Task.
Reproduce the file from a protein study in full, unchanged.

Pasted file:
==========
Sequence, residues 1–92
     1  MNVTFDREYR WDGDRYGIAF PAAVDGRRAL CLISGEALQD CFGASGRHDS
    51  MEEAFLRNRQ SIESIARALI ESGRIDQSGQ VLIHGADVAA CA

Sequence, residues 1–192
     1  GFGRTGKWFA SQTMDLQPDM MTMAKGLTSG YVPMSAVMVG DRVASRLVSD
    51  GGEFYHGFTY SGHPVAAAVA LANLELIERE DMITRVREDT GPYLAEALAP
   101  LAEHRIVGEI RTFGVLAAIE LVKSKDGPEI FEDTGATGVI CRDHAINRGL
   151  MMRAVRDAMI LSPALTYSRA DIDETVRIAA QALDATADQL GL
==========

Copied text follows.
Sequence, residues 1–92
     1  MNVTFDREYR WDGDRYGIAF PAAVDGRRAL CLISGEALQD CFGASGRHDS
    51  MEEAFLRNRQ SIESIARALI ESGRIDQSGQ VLIHGADVAA CA

Sequence, residues 1–192
     1  GFGRTGKWFA SQTMDLQPDM MTMAKGLTSG YVPMSAVMVG DRVASRLVSD
    51  GGEFYHGFTY SGHPVAAAVA LANLELIERE DMITRVREDT GPYLAEALAP
   101  LAEHRIVGEI RTFGVLAAIE LVKSKDGPEI FEDTGATGVI CRDHAINRGL
   151  MMRAVRDAMI LSPALTYSRA DIDETVRIAA QALDATADQL GL